The story cycle essentially revolves around the idea of freedom. Personal choice, sexual fulfilment and the hope of an independent life are the most cherished values in its world. The most dangerous people are those who betray you, lie to you, or manipulate you, and the scariest characters are not the grotesques, of whom there are quite a number, but rather the unreliable drunks, the cheating lovers, religious fanatics and the local police. This is a deeply American way of thinking about things - we are firmly in a world of paranoia and of distrust in authority. A world in which ordinary people are most likely to be good, but only as long as they are left alone. The apocalyptic events in the stories allow the author to depict the ramifications of these social assumptions at an accelerated rate.
Ashes Rain Down is a collection of linked short stories set in a dismal, pre-apocalyptic world where environmental disasters wreak havoc on disparate communities scattered across the country. The world is embroiled in The Forever War, which, as the name suggests, is a never-ending global conflict that continues to break down the societal structures that hold fragile communities intact. The stories follow a motley collection of characters residing in Sluggards Creek, a town that serves as a microcosm of the world at large. This is a community on the brink of collapse—a waning food supply, no electricity, limited gas, and increasingly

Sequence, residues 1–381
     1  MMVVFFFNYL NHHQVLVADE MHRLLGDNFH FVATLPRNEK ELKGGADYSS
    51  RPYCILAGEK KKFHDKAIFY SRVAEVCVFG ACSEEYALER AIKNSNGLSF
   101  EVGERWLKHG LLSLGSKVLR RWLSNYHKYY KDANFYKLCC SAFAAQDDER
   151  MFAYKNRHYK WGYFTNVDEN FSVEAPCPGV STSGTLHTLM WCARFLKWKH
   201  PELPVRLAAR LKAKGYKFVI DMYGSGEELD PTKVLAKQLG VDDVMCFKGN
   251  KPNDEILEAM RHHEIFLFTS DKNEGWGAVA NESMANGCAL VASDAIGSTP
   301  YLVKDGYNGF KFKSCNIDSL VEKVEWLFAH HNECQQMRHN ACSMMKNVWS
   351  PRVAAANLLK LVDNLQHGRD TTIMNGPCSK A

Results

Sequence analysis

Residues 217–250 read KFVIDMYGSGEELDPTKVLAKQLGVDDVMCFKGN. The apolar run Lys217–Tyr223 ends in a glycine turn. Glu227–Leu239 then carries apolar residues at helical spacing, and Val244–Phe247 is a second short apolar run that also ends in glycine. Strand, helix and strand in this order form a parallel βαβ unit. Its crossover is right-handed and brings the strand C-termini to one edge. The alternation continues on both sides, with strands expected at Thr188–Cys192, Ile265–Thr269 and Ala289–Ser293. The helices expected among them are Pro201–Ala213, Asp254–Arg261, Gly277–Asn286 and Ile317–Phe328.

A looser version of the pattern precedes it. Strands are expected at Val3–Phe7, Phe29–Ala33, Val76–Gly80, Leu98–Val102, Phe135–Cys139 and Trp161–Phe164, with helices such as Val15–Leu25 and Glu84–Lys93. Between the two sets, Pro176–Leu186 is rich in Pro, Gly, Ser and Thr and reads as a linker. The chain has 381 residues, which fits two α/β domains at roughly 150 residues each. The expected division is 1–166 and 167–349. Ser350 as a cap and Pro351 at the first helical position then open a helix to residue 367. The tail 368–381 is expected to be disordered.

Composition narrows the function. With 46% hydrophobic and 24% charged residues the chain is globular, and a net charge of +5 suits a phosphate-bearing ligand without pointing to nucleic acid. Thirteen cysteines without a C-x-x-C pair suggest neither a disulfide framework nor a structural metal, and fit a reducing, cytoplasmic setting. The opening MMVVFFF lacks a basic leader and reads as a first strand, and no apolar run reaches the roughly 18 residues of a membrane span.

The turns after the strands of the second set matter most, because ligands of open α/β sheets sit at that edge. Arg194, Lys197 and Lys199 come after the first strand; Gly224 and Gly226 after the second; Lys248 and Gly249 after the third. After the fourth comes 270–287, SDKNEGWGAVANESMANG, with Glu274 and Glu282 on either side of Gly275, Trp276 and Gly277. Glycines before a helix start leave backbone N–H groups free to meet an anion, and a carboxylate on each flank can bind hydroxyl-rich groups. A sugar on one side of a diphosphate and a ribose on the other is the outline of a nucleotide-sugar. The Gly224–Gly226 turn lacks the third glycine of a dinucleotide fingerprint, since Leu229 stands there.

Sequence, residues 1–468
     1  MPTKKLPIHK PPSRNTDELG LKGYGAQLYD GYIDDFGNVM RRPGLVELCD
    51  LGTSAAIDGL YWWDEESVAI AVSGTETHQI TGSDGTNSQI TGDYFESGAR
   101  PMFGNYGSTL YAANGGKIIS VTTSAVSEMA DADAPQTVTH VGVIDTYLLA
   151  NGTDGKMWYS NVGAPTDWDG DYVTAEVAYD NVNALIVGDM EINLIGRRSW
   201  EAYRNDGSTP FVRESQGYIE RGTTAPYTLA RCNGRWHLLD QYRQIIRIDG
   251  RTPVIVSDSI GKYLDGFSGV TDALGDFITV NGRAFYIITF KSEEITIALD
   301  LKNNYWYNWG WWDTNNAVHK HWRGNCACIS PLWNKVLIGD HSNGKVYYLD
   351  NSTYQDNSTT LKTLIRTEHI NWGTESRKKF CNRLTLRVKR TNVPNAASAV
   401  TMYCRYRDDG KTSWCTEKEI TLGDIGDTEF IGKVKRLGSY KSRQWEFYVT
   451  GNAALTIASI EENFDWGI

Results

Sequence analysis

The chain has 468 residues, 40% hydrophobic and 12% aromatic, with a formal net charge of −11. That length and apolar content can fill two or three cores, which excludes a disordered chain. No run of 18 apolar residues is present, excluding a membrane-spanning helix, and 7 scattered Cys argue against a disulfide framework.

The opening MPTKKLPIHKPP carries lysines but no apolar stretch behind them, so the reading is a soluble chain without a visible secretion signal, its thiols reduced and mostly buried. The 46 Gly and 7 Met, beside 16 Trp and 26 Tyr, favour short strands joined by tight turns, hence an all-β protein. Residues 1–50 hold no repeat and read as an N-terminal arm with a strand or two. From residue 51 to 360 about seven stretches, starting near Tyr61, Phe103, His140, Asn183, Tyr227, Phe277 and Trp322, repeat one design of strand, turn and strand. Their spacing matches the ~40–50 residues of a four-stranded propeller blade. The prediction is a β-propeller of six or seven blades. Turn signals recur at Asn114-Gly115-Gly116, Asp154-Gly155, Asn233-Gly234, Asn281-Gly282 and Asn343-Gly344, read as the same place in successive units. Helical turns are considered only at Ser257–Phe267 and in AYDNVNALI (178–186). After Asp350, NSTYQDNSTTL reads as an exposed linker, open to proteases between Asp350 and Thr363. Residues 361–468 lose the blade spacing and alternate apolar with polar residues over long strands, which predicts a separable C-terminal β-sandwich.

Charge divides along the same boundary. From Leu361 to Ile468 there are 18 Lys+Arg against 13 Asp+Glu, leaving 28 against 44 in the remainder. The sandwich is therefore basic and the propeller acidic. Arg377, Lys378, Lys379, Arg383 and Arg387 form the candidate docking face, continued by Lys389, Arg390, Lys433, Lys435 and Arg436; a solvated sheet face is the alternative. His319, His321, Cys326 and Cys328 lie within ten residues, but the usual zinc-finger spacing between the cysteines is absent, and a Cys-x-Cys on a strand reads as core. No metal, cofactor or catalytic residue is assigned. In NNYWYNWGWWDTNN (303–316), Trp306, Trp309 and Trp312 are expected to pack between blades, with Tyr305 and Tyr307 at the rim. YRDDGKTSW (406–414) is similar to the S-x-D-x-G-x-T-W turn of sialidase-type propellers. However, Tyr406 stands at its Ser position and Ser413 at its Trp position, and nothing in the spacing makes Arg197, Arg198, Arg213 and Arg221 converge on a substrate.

violent civil unrest have pushed people to the very edge of human tolerance.
Foreword, Spring 2013
Luvaas’s narratives are full of grief and laughter, joy and pain. These are three-dimensional stories — four if you count the ghosts — with an understated prescience concerning our country’s dicey future.
As the world around us falls apart, our stories struggle to continue. "Ashes Rain Down" is a collection interconnected short fiction from William Luvaas, following ten individuals as catastrophe strikes the world, as he explores their reaction to the changes in the world with a sense of humor and poignancy about human nature. "Ashes Rain Down' is a strong addition to any modern literary short fiction collection, highly recommended.
The land, the weather, the relationships are constantly fraying and falling apart and being patched back together. Rivers have swelled and overflowed; St. Louis is one casualty among many. There are droughts and fires and plagues of blue bottle flies that seem to cause personality changes.
The style and mixture of voices used throughout these ten tightly linked offerings suggests Flannery O’Connor’s eccentrics channeling the apocalyptic visions of Cormac McCarthy (if McCarthy had a sense of humor) laced with brilliant absurdities that might also be labeled eerie ecstasies, the musings of a gifted ironist, a jubilantly dark comedian, a compelling writer whose mind is filled with prophetic visions about a future entirely possible—credibly even inevitable.
I remember where I was when I first read Ashes Rain Down. I didn’t hear the car repair people call my name. Luvaas presents us with somewhat bizarre characters in a surreal catastrophe, but when he’s done with us--though he’s made us laugh--we find ourselves in their shoes, their crumbling world, and hoping to be as sturdy.
Linda Swanson-Davies, co-editor Glimmer Train Stories